The "Socialist Harmonious Society" concept represents a new direction of Chinese communist leadership that signified the transition between Jiang Zemin and Hu Jintao. Although on the surface, "socialist harmonious society" seems benign, many scholars believed that CCP general secretary Hu has a vision for a deeper reform of the political system in China.[9] In addition, the idea of scientific development stresses on scientific discovery and technological advance, engines for sustainable growth in the long run. Sustainable growth is a concept in macroeconomics that signifies GDP at potential (i.e. all that is produced is being consumed and there is no cyclical unemployment) for years to come.[citation needed]

In addition, the Socialist Harmonious Society concept was a response to the problem of social inequality and wealth gap, which if not dealt with immediately, could lead to social unrest and even turmoil. A key reason contributing to a widening wealth gap was social injustice, which features collusion between entrepreneurs and officials. Through collusion, entrepreneurs were able to buy land from farmers and then sell it at high prices. Furthermore, with the protection of local officials, private coal mine owners ignored safety regulations to cut production costs. As a result, thousands of miners are killed in accidents.[5]

Since the 1989 Tiananmen Square protests and massacre, the leadership has been extremely sensitive about maintaining stability. General Secretary Hu's focus on stability and openness is the central model addressed in the book The J Curve: A New Way to Understand Why Nations Rise and Fall by Ian Bremmer. According to Bremmer, the Chinese government is trying carefully to avoid instability by jumping from a controlled social environment on one end to complete openness on the other. The "J Curve" model is applicable to the political development of most nations and presents a choice between stability and openness. The concept of "Socialist Harmonious Society" is said to include both elements of the model. Hence, Hu's "socialist harmonious society" has an underlying message of establishing political reform as well as safeguarding social justice and equality.[citation needed]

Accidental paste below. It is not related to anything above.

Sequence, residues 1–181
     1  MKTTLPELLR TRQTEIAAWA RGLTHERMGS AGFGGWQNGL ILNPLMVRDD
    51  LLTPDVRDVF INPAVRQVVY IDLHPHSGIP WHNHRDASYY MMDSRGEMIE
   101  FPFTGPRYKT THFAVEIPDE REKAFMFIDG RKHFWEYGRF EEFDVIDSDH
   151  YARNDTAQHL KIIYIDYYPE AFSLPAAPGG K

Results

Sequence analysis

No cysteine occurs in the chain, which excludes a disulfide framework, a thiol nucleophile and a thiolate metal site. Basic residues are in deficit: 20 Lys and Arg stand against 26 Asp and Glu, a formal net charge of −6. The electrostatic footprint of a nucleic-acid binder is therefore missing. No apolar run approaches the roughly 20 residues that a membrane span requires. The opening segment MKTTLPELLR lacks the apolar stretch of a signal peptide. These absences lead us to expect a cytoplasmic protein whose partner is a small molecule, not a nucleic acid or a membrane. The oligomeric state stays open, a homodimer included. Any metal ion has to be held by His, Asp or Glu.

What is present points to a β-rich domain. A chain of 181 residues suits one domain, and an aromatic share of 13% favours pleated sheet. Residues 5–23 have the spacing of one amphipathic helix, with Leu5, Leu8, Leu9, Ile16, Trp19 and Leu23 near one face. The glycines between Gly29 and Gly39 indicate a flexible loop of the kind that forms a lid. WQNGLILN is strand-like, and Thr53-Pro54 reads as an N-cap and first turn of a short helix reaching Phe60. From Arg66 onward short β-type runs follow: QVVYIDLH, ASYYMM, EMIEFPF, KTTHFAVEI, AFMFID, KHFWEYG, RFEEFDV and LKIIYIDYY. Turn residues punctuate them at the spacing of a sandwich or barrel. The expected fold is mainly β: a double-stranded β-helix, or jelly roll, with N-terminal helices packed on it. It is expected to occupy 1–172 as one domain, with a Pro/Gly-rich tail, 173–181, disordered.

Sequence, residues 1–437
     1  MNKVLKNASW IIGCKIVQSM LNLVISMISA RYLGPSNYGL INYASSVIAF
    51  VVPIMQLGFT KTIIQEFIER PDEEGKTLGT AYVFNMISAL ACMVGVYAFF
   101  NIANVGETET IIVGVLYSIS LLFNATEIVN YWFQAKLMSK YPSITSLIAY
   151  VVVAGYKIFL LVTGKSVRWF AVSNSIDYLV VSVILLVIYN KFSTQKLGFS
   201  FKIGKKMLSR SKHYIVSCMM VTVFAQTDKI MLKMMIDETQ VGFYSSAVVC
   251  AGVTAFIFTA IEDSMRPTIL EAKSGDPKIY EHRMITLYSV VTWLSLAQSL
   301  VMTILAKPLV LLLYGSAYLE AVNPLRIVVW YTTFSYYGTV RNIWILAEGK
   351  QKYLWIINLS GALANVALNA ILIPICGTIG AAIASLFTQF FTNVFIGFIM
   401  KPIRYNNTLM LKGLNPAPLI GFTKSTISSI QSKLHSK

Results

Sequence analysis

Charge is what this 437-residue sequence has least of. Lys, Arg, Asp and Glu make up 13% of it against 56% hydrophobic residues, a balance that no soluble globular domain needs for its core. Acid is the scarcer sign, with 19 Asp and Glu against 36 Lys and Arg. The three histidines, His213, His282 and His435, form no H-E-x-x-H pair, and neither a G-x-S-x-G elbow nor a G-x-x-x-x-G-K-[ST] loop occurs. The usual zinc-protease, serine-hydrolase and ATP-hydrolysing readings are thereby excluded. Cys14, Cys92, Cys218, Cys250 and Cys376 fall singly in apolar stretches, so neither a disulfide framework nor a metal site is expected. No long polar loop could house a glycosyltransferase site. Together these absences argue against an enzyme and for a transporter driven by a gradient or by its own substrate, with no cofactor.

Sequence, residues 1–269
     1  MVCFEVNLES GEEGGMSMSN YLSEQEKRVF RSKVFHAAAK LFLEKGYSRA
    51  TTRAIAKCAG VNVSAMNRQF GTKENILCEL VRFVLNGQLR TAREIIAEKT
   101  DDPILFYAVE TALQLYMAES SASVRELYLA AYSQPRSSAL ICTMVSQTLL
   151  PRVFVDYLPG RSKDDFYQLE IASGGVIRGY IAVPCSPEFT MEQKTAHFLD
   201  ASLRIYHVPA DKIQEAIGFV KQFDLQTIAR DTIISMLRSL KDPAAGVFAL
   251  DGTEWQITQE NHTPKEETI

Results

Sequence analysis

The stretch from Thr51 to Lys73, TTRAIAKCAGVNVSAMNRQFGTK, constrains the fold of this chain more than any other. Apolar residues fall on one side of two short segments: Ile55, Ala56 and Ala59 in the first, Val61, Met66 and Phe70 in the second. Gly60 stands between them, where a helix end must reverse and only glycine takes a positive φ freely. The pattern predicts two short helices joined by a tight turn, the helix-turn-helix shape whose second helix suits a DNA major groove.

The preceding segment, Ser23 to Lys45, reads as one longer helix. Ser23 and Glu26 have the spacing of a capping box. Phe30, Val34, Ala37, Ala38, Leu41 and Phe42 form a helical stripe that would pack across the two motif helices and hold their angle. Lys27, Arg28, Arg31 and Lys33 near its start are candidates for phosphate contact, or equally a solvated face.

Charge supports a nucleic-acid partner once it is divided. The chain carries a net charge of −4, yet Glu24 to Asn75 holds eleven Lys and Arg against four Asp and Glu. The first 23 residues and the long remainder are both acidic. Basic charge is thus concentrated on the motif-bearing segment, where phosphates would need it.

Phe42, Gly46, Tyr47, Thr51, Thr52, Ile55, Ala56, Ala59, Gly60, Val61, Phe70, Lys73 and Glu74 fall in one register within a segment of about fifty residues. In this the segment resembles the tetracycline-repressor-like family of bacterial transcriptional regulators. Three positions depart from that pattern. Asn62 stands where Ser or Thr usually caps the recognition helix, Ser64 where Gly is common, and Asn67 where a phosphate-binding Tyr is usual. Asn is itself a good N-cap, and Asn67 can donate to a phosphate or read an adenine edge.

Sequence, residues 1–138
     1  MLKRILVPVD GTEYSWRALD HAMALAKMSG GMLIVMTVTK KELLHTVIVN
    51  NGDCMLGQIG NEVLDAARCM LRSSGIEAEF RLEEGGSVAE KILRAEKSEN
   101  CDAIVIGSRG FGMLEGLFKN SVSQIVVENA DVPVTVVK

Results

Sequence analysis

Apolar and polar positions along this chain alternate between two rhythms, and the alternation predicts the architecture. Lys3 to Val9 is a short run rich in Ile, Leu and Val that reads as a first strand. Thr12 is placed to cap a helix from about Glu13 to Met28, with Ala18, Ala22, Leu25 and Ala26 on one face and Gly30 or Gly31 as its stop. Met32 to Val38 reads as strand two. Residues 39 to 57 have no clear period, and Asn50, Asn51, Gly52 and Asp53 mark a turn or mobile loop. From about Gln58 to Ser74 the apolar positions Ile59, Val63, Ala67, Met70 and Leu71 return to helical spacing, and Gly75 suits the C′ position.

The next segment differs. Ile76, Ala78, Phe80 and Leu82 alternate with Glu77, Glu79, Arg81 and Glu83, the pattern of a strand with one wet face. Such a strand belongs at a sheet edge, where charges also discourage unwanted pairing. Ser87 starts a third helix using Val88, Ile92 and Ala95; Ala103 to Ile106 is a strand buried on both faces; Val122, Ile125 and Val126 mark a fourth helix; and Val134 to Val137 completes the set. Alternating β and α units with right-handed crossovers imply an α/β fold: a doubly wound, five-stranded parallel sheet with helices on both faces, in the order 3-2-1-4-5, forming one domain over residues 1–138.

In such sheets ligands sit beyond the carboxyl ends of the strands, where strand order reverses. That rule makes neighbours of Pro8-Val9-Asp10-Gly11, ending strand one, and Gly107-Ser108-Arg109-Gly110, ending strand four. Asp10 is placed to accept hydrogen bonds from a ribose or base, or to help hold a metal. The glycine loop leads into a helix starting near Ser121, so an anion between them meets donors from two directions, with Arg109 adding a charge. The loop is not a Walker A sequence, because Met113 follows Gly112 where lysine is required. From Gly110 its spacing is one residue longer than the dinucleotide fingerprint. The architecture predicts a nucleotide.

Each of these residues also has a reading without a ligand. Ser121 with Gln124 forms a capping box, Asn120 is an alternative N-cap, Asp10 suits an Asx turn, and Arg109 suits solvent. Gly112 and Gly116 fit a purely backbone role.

New interpretation[edit]

Hu Jintao visited the US in early 2011, two years before he stepped down as the CCP general secretary. One of the key messages of his visit was the idea of peace and cooperation: "China and the United States have major influence in international affairs and shoulder important responsibilities in upholding world peace and promoting common development."[10] In addition to attending state dinners, President Hu visited the US-China Business Council, a Chinese-owned auto parts plant in Ohio, and Walter Payton College Preparatory High School in Chicago/Confucius Institute of Chicago. When asked about the differences between the US and China at Walter Payton Prep, Hu Jintao responded, "China and the US have different histories, culture, social systems and levels of development, but their peoples are peace-loving and in pursuit of growth. I hope that the friendship between our two nations will last forever."[11]

With few agendas at hand before his retirement, Hu Jintao brought to America a concept of harmony that is based on peace, cooperation and "soft power" exchanges.[citation needed]

In addition to the utilization of soft power, the Chinese leader used the concept of "Shadow of the Future": At the high school, Hu Jintao told the students, "The young are the future of a nation and the hopes of the world. The prospects of China-US relations are in the hands of the young people of the two countries."[11]

The United States has a tough stance on the rise of China.[12] The appropriateness of such a tough stance is debated given the political environment at the time of American elections. During Hu's visit, President Barack Obama assured China that the US is reasserting its influence in East Asia and in the Pacific Ocean.[13] Indeed, the US has increased its military and political presence in the Pacific through its military deployment in Australia and its diplomatic/military pressure on the territorial disputes in the South China Sea in early 2012.[citation needed]